• radar, which uses radio waves to measure distances between the car and obstacles around it;
  • LIDAR, which uses laser sensors to build a 360-degree image of the car’s surroundings;
  • cameras, to detect people, lights, signs and other objects;
  • satellites, to enable GPS, global positioning systems that can pinpoint locations;
  • digital maps, which help to determine and modify routes the car will take;
  • a computer, which processes all the information, recognising objects, analysing the driving situation and determining actions based on what the car sees.

How a driverless car ‘sees’ the road.

All of these elements work together to help the car know where it is at all times, and where everything else is in relation to it. Despite the precision of these systems, however, they’re not perfect. The computer can know which pictures and sensory inputs deserve its attention, and how to correctly respond, but experience only comes from traveling a lot of miles.

The learning that is occurring by autonomous cars currently being tested on public roads feeds back into central systems that make all of a company’s cars better drivers. But even adding up all the on-road miles currently being driven by all autonomous vehicles in the U.S. doesn’t get close to the number of miles driven by humans every single day.

Dangerous after dark

Seeing at night is more challenging than during the daytime – for self-driving cars as well as for human drivers. Contrast is reduced in dark conditions, and objects – whether animate or inanimate – are more difficult to distinguish from their surroundings. In that regard, a human’s eyes and a driverless car’s cameras suffer the same impairment – unlike radar and LIDAR, which don’t need sunlight, streetlights or other lighting.

This was a factor in March in Arizona, when a pedestrian pushing her bicycle across the street at night was struck and killed by a self-driving Uber vehicle. Emergency braking, disabled at the time of the crash, was one issue. The car’s sensors were another issue, having identified the pedestrian as a vehicle first, and then as a bicycle. That’s an important distinction, because a self-driving car’s judgments and actions rely upon accurate identifications. For instance, it would expect another vehicle to move more quickly out of its path than a person walking.


Try and try again

To become better drivers, self-driving cars need not only more and better technological tools, but also something far more fundamental: practice. Just like human drivers, robot drivers won’t get better at dealing with darkness, fog and slippery road conditions without experience.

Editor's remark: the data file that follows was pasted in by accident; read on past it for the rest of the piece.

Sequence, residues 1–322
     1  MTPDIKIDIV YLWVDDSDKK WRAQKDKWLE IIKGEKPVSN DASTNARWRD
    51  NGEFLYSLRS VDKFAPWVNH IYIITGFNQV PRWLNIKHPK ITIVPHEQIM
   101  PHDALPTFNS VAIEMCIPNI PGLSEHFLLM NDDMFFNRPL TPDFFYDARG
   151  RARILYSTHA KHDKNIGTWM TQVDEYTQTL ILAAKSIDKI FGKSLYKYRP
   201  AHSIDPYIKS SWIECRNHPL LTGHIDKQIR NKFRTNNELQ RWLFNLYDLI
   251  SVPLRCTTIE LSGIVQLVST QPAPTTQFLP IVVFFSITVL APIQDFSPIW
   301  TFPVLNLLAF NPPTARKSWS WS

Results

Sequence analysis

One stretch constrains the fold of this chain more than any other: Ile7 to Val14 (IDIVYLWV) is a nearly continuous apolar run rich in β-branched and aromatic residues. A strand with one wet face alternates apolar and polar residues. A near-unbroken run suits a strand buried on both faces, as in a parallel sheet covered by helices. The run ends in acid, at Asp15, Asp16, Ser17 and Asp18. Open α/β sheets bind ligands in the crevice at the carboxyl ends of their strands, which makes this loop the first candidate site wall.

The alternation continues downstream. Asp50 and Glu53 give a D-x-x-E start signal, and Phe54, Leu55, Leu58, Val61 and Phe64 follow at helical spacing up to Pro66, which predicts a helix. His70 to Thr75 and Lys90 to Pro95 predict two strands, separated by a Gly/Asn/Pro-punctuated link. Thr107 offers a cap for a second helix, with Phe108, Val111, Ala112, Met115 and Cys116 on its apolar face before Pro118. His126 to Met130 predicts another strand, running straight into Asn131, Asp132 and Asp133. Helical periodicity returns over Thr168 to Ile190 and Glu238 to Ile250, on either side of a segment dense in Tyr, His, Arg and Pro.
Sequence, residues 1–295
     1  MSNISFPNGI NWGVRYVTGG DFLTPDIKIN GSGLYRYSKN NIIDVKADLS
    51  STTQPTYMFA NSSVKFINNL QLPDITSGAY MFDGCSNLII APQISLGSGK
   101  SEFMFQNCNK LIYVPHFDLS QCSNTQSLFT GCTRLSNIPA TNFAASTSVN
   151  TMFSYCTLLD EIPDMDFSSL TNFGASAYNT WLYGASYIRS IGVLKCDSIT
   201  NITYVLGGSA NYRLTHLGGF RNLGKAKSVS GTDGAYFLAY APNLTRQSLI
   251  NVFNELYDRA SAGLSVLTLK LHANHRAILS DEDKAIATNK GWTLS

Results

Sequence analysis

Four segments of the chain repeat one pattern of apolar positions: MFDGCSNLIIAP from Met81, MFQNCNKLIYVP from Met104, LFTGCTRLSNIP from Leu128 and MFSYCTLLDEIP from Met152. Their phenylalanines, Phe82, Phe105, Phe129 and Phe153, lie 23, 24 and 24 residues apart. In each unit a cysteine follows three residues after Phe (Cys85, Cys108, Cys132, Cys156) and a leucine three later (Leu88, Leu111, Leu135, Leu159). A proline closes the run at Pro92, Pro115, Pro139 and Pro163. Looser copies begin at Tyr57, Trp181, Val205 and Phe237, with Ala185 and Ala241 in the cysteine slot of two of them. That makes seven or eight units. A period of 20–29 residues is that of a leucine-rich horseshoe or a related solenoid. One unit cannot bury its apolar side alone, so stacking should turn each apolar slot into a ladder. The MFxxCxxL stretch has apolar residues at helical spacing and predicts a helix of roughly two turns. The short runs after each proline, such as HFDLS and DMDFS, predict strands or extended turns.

Testing on controlled roads is a first step to broad deployment of driverless vehicles on public streets. The Texas Automated Vehicle Proving Grounds Partnership, involving the Texas A&M Transportation Institute, University of Texas at Austin, and Southwest Research Institute in San Antonio, Texas, operates a group of closed-course test sites.

Self-driving cars also need to experience real-world conditions, so the Partnership includes seven urban regions in Texas where equipment can be tested on public roads. And, in a separate venture in July, self-driving startup Drive.ai began testing its own vehicles on limited routes in Frisco, north of Dallas.

These testing efforts are essential to ensuring that self-driving technologies are as foolproof as possible before their widespread introduction on public roadways. In other words, the technology needs time to learn. Think of it as driver education for driverless cars.

People learn by doing, and they learn best by doing repeatedly. Whether the pursuit involves a musical instrument, an athletic activity or operating a motor vehicle, individuals build proficiency through practice.

The ConversationSelf-driving cars, as researchers are finding, are no different from teens who need to build up experience before becoming reliably safe drivers. But at least the cars won’t have to learn every single thing for themselves – instead, they’ll talk to each other and share a pool of experience.

Johanna Zmud, Senior Research Scientist, Texas A&M Transportation Institute, Texas A&M University .

This article was originally published on The Conversation. Read the original article.